Did you know that an adult dog’s hearing is around four times more sensitive than a human? It’s natural for dogs to be afraid of loud and unexpected noises. Barking or running away from loud noises is part of a dog’s survival instinct, but a whole night of loud noises that are (in your dog’s eyes) completely out the blue can be upsetting for your dog. Here are our top 5 tips to help your dog cope with fireworks...
If your dog is a ‘hider’, it’s a good idea to prepare a den for them to escape to, include their favourite blanket, toys and something to chew. Chewing releases endorphins and other hormones in a dog that can calm them down and help them to cope with stressful situations.
Before it gets dark make sure you let your dog out to go to the toilet. If they have a known fear of fireworks be careful to do this long before the first firework goes off.
Some people find that playing a recording of fireworks (at normal TV volume) for a short while every evening a few weeks in advance helps your dog to familiarise themselves with the sounds. This could help your dog to cope much better when it comes to the real deal.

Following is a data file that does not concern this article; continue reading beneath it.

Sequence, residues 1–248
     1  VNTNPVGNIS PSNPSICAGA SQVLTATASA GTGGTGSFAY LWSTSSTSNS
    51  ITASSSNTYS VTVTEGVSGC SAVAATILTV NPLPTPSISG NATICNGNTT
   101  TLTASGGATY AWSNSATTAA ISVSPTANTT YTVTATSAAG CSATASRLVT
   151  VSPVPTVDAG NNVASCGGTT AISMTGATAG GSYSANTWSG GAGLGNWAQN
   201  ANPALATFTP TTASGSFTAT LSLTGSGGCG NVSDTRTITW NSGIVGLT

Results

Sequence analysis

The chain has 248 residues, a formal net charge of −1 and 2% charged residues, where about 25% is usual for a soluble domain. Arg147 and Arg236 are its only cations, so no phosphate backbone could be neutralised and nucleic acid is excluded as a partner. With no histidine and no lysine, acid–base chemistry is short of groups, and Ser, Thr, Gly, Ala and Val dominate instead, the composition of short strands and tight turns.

If your dog is a ‘barker’ when it comes to loud noises then it’s a good idea to have a host of distraction toys and techniques to hand. You could try:
- Their favourite ball and a game of fetch
- An irresistible chew bone
- A game of hide and seek with treats
- A treat dispensing toy such as a Kong, which dispenses treats as they play and will keep their mind elsewhere
The key to success here is not to try anything new on the night. A good distraction technique is one that distracts them with something they already know, love and find irresistible.
3. Background noise
Adding in some background noises such as the tv or some music will stop the noise from the fireworks from seeming so sudden. Not too loud, just at the same volume as you’d usually listen to the TV at. A bang from silence is much more startling than one in a room with a good amount of background noise.
If your dog seems fidgety and uninterested in hiding or playing, then try popping on the tv to reduce the impact of the noise outside and sitting on the floor or couch with your dog. Sometimes a cuddle on your lap is all that is needed for a dog to feel at ease with something unfamiliar to them.
5. Stay relaxed
Lastly, and perhaps most importantly, try to stay relaxed yourself. It isn’t nice to see your dog upset but you’d be surprised how much a dog’s behaviour is affected by how they read yours. If they sense that you are anxious they will automatically become more anxious themselves.
If your dog seems to have an extreme reaction to fireworks and nothing you seem to do is helping, please do see your vet.